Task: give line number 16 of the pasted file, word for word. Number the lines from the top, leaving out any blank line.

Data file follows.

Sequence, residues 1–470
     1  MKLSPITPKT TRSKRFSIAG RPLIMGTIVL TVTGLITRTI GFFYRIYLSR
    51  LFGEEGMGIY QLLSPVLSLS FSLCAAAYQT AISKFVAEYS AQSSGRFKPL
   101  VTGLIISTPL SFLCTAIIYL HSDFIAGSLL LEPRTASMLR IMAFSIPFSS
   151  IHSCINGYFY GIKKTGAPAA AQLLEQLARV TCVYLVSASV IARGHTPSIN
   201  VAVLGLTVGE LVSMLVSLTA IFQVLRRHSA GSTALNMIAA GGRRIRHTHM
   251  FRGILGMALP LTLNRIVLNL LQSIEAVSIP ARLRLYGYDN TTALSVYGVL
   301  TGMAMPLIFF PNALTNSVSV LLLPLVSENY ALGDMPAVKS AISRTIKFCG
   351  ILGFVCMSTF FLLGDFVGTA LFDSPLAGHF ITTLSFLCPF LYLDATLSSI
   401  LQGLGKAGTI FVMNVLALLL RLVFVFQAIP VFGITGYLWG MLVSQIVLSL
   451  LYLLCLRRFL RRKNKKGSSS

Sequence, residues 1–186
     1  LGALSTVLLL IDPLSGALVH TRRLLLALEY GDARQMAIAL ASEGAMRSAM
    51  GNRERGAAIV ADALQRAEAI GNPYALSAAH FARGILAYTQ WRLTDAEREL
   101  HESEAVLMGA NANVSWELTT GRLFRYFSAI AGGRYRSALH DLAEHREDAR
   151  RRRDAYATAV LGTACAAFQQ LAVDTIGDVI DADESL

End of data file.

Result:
   151  RRRDAYATAV LGTACAAFQQ LAVDTIGDVI DADESL